Shedding light on Nordic youth culture

ArctiCulture | Travelling arts showcase includes participation of 75 of the Nordic region’s most talented young people

Festival organisers (l-r) Ólafur Páll Gunnarsson, Hlín Jóhannesdóttir and Tero Sarkkinen, with a map of the region they are exposing to youth art (Photo: Nordisk Ljus)

Lesley Price

The ‘Nordic Light’, or ‘Nordisk Ljus’, 2014 festival is the first of its kind and will be a huge opportunity for creative teenagers residing in Nordic countries.

“The uniqueness lies both in the extensiveness of the festival, the sheer size and the set-up,” says Vilborg Einarsdóttir, one of the four faces behind the project, in collaboration with Hlín Jóhannesdóttir, Kristiina Isaksson and Tero Sarkkinen.

“The original idea of a traveling festival comes from Tero [Sarkkinen] who is a well known youth theatre director in eastern Finland and although it has developed and expanded into what it is now, it is based on his original idea,” she said.

‘Nordisk Ljus’ was selected out of 20 applications to become the ‘Cultural Nordic Event of 2013 – 2014’ and was awarded a biannual grant of 3 million Danish kroner ($545,000) by the Nordic Culture Fund.

Ms Einarsdóttir says it was a bold decision by the culture fund that normally does not provide grants for youth projects.

“This time they decided to award the grant to a project that connected young artistic people in the Nordic region and would allow young artists to make culture for themselves instead of grown-up artists making culture to show to young people,” she said.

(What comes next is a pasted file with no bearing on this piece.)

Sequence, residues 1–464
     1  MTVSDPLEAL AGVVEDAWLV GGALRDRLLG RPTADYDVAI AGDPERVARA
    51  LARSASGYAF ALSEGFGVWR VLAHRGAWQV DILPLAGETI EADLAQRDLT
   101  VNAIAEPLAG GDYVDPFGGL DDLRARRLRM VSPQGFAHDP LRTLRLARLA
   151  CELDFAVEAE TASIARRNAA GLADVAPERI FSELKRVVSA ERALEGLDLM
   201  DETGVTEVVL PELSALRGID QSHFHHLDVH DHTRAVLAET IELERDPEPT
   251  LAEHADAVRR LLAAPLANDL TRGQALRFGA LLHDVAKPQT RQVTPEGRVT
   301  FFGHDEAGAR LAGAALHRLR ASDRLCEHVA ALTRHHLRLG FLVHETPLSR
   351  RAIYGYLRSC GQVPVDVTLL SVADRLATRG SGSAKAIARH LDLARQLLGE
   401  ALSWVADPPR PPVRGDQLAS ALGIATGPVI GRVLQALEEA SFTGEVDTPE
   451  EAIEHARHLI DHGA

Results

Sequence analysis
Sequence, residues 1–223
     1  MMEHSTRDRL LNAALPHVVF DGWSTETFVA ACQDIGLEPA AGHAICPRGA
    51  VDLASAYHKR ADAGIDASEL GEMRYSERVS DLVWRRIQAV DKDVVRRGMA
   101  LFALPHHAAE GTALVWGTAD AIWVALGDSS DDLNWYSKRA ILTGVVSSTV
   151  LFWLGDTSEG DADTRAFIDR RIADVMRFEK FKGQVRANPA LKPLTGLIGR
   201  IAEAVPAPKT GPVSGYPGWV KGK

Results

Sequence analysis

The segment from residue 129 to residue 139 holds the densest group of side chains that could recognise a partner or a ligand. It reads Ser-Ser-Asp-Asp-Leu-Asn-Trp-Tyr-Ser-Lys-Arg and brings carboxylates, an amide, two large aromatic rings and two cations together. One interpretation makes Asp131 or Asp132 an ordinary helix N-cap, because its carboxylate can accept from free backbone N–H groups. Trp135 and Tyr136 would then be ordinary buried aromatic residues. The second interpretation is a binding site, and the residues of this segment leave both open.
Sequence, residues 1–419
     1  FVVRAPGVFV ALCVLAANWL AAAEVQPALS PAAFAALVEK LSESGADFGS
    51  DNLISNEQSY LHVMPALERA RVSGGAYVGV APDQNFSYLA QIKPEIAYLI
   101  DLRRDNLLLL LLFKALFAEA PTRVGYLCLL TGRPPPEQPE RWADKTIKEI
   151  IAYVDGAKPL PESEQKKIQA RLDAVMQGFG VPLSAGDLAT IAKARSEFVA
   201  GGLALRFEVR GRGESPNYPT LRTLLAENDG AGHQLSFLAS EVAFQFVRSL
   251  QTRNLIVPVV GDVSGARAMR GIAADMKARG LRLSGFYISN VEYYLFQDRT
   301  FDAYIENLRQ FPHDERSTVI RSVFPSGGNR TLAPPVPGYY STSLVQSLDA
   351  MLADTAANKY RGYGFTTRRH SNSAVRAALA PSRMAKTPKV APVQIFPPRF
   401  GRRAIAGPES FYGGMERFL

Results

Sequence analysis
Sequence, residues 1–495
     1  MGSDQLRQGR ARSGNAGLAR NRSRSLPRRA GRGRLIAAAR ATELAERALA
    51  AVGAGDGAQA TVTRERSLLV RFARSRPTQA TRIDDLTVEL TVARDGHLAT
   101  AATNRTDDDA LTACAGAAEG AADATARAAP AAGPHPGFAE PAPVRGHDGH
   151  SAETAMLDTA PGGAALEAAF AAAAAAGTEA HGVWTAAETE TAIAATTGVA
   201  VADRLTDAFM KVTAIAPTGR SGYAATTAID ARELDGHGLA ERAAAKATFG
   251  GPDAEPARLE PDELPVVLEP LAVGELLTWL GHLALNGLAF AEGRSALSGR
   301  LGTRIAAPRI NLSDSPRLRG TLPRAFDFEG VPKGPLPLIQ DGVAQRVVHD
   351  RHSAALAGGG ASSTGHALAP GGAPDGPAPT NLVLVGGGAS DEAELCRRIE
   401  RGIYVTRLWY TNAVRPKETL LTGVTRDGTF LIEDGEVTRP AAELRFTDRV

The festival will officially kick-off in July 2014 featuring five art disciplines, including dance, music, circus, theater and visual arts. Each group has their own unique travel route through the Nordic region but will all finish in Joensuu, Finland, for the final events.

The selected artists, aged between 14 and 17, will travel for two weeks taking part in a range of tailored creative activities. They will have the opportunity to work directly with established artists, attend workshops and will have the chance exhibit their talents within a large-scale event.

Ms Einarsdóttir says the festival is an investment in Nordic youth and is ultimately about nurturing their artistic talents.

“The aim is to allow the participants to work with other teenagers who share their interests, to experience new and old cultures in different places and to develop their creative talents and artistic skills under the guidance of established artists from all over the Nordic region,” she said.

“They are given an opportunity to understand what it takes to be an artist, that there is a Nordic network that funds and inspires artistic co-operation and they will walk away not only with a vast experience and new friendships, but also with a network for their artistic future – that is for me what makes this festival truly important.”

Ms Einarsdóttir says she hopes the festival will reflect the current diversity of the Nordic nations but artists will ultimately be chosen for their talent and potential.

“We have said straight out that we are looking for the future artists of the Nordic countries and we are very serious about that,” she said.

“I hope we will see many of them develop their talents as a result and will continue to become serious artists, from the applications we already seen, I have little doubt that many of them will do just that.”

The four producers have been planning the event for the past year. Eventually around 500 people will be involved with the festival including participants, artists, producers and organisers.

Submissions have been flooding in from all around the region and the team is still promoting the festival in schools, art groups, youth clubs and organisations before applications close in November 2013.

Originally published by The Arctic Journal under the headline ‘Festival to shed a little light on Nordic youth culture’. Re-published here with the permission of the author.

The Rasmussen’s ArctiCulture articles offer a closer look at the arts and culture of the region.

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